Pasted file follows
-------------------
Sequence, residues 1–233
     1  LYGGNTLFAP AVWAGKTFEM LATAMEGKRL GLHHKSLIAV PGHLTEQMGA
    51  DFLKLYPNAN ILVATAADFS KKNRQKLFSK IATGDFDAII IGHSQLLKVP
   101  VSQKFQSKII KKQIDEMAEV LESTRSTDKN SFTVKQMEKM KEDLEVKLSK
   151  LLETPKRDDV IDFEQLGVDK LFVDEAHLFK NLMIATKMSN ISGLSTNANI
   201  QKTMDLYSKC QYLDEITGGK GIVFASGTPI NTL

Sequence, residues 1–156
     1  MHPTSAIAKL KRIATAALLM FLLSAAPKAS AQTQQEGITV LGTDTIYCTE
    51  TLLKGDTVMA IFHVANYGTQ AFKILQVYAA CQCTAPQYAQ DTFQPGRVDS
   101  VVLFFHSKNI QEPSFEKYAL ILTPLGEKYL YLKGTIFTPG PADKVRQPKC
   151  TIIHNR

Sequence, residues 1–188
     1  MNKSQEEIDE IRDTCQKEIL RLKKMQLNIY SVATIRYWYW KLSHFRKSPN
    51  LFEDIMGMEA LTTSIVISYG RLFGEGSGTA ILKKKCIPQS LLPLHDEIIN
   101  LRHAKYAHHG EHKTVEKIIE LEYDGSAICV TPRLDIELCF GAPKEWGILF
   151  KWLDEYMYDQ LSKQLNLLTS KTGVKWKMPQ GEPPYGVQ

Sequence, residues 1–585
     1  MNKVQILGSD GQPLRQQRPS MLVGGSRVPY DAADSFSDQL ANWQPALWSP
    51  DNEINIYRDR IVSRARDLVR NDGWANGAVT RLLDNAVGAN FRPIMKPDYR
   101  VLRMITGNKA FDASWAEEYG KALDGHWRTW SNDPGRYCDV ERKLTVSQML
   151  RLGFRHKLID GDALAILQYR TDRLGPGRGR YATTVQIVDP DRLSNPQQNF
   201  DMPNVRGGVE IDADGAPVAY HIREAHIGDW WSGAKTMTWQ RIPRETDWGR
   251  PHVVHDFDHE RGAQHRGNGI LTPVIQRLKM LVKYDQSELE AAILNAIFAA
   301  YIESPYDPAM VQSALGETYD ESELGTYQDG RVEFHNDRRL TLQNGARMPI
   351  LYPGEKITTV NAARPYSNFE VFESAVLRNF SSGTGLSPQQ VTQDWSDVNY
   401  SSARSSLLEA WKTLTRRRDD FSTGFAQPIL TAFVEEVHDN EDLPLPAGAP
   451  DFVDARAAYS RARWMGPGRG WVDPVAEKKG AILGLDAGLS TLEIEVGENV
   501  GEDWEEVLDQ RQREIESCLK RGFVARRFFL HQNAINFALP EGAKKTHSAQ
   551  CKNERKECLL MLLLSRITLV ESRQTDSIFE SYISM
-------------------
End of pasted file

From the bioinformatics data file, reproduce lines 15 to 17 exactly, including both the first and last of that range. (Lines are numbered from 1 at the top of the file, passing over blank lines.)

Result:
   101  LRHAKYAHHG EHKTVEKIIE LEYDGSAICV TPRLDIELCF GAPKEWGILF
   151  KWLDEYMYDQ LSKQLNLLTS KTGVKWKMPQ GEPPYGVQ

Sequence, residues 1–585